Posted 04/17/2012

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What To Do When Your HARP 2.0 Application Is Denied For High Loan-To-Value

Dan Green

The Mortgage Reports Contributor

HARP 2.0 Refinance Loan-To-Value Statistics

The HARP refinance program was updated and re-released in March. The new HARP allows for unlimited loan-to-value on most HARP refinances. Yet, as many underwater homeowners are finding out the hard way, just because HARP allows it, that doesn't mean banks will do.

If you've been turned down for HARP because of high LTV once (or twice!), don't give up. You still have options.

Click here to get a HARP mortgage rate (Jan 18th, 2018).

About The HARP 2.0 Refinance Program

HARP stands for Home Affordable Refinance Program. It is a government-led mortgage program for underwater homeowners. It was first launched in 2009 as part of an economic stimulus program.

With HARP, homeowners with "lost equity" can refinance to current mortgage rates, lowering their monthly payments -- often by a lot. The typical HARP homeowner, after all, has a mortgage rate north of 6 percent. Today's mortgage rates are much lower than that.

When HARP was first implemented, it was intended to reach 7 million U.S. households, especially those in hard-hit states such as California, Arizona and Florida. Restrictive guidelines, however, kept the government from reaching its goal.

Fewer than 1 million HARP refinances were processed between 2009-2011. It's one of the reason why the government re-wrote its HARP program. The government wants HARP to reach more households, more quickly.

Click here to get a HARP mortgage rate (Jan 18th, 2018).

Under HARP 2.0, underwriting guidelines have been relaxed  :

  • You can refinance with HARP with any participating lender -- not just your current bank
  • You can refinance a home with private mortgage insurance (PMI)
  • You can remove a co-borrower from the mortgage if they no longer share your home

But perhaps the biggest change in HARP's re-release is that the program provides for unlimited loan-to-value. No matter how far underwater you are, so long as you refinance into a fixed rate mortgage, you can use HARP.

Your home could have lost half of its value from the peak, and HARP wouldn't care. The problem, though, as too many people are finding out, is that banks care.

Few banks are honoring the unlimited LTV feature of HARP 2.0.

Lenders Limiting HARP 2.0 Approvals

Have you been turned down for a HARP loan because of high loan-to-value? You're not alone. Nearly all of the nation's biggest banks have placed at least one LTV-limiting overlay on their respective HARP guidelines.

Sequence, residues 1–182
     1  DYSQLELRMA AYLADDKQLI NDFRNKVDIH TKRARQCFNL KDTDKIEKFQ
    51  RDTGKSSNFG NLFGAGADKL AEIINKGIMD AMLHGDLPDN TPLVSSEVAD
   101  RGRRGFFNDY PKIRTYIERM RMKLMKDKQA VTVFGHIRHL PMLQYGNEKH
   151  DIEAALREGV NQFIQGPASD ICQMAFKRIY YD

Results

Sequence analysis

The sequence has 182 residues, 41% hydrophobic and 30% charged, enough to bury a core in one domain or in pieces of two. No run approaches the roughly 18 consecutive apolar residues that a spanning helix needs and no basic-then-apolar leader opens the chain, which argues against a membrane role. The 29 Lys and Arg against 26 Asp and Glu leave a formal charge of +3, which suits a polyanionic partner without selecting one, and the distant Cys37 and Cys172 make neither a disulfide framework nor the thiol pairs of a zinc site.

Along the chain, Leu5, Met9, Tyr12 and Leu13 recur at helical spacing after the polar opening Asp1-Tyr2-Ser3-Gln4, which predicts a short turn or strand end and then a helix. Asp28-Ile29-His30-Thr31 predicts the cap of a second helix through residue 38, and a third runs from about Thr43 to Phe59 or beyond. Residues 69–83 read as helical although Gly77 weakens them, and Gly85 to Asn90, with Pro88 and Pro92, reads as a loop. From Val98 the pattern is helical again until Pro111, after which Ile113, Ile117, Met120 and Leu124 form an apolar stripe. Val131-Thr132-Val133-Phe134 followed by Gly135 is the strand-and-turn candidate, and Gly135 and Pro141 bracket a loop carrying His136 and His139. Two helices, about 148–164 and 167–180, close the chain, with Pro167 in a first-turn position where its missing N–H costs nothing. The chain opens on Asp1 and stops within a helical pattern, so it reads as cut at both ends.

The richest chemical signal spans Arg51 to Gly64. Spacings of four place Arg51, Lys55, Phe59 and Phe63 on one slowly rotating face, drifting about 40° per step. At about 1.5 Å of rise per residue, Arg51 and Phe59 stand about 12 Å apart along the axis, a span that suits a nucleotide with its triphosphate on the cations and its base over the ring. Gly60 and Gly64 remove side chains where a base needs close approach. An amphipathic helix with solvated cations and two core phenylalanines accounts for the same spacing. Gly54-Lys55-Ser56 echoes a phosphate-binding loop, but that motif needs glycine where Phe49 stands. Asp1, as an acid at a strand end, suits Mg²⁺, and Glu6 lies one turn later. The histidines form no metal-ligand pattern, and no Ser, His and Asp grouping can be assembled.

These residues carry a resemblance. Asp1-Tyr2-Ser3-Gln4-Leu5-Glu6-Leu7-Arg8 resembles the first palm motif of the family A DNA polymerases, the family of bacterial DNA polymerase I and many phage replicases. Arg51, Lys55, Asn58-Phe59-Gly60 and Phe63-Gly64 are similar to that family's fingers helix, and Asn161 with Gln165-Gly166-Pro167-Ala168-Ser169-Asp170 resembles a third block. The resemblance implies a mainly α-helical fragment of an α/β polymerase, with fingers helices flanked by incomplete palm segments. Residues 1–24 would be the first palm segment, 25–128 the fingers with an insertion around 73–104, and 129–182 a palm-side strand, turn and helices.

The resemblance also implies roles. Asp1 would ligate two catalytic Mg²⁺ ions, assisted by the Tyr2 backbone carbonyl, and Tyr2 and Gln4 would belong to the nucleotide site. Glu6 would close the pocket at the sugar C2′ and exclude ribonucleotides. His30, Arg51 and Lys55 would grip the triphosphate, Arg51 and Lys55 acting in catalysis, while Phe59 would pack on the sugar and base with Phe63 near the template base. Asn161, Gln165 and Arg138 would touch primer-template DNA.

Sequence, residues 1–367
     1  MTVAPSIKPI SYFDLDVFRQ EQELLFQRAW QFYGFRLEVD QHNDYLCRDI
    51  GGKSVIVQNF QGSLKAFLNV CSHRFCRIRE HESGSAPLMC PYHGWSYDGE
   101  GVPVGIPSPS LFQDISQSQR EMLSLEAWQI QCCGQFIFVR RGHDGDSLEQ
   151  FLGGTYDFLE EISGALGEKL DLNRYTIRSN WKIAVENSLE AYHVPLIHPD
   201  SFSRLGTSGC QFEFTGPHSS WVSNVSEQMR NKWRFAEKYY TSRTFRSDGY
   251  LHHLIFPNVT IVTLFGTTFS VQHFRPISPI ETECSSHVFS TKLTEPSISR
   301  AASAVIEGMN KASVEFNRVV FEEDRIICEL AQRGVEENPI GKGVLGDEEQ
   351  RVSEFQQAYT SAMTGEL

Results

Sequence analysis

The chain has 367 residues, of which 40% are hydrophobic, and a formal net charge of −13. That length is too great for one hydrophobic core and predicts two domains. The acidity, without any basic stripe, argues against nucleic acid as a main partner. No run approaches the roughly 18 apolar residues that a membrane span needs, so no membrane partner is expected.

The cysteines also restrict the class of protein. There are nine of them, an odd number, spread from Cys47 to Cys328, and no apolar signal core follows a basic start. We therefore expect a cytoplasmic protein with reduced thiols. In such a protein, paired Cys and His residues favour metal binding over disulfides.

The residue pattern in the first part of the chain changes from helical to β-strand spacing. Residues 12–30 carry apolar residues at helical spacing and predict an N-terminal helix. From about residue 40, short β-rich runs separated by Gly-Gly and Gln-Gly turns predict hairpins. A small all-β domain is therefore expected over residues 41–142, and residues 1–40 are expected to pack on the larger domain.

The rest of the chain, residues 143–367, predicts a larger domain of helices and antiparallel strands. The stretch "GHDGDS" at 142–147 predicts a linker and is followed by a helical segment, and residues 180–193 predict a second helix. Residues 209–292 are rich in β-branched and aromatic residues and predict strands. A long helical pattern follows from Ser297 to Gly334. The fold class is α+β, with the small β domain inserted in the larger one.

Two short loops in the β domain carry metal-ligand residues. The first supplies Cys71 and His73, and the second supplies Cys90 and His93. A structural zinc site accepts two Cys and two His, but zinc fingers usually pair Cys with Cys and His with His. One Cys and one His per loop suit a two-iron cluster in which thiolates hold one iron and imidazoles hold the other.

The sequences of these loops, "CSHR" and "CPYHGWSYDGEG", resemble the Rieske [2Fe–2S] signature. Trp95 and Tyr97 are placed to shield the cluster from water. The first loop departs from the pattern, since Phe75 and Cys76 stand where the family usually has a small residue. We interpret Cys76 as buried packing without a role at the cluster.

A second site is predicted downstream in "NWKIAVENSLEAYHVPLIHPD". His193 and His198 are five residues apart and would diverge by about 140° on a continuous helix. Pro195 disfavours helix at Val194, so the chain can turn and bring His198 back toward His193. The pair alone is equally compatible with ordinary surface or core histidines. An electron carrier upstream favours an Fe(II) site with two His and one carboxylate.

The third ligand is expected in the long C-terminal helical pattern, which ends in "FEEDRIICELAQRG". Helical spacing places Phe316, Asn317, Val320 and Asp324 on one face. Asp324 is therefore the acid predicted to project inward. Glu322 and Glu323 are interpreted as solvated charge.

Some big banks will allow up to 105% only. Some big banks will allow up to 125% only. Some big banks will allow up to 125% but only if you're a current mortgage customer. The banks make these rules for two reasons. First, to slow new loan applications -- banks can only handle so much loan volume before their systems crack. And, second, loans over 125% are known to have a high default rate.

Few banks want that risk -- even when the loans are guaranteed by the U.S. government.

41 percent of HARP applicants have LTVs over 125 percent based on data from more than 15,000 queries handled through this website. So, when big banks cap HARP 2.0 approvals at 125% loan-to-value, it dramatically limits the HARP program's effectiveness and reach. Because of this, HARP 2.0 will help far fewer families than expected -- just the same as with HARP 1.0.

Click here to get a HARP mortgage rate (Jan 18th, 2018).

Re-Apply for HARP 2.0 Mortgage

The good news for underwater homeowners is that there are banks offering unlimited LTV with HARP. The hard part, though, is that they're not banks you'll find every 10 blocks and in every shopping mall nationwide.

HARP remains a specialty product and there are plenty of lenders writing good loans with it. If you've been turned down for loan-to-value problems or for any other reason, don't give up hope. Find a new channel to find a lender. Get started with a rate quote.

Click here to get a HARP mortgage rate (Jan 18th, 2018).

Dan Green

The Mortgage Reports Contributor

Dan Green is an expert on topics of money. He has been featured in The Washington Post, MarketWatch, Bloomberg, and others.

The information contained on The Mortgage Reports website is for informational purposes only and is not an advertisement for products offered by Full Beaker. The views and opinions expressed herein are those of the author and do not reflect the policy or position of Full Beaker, its officers, parent, or affiliates.

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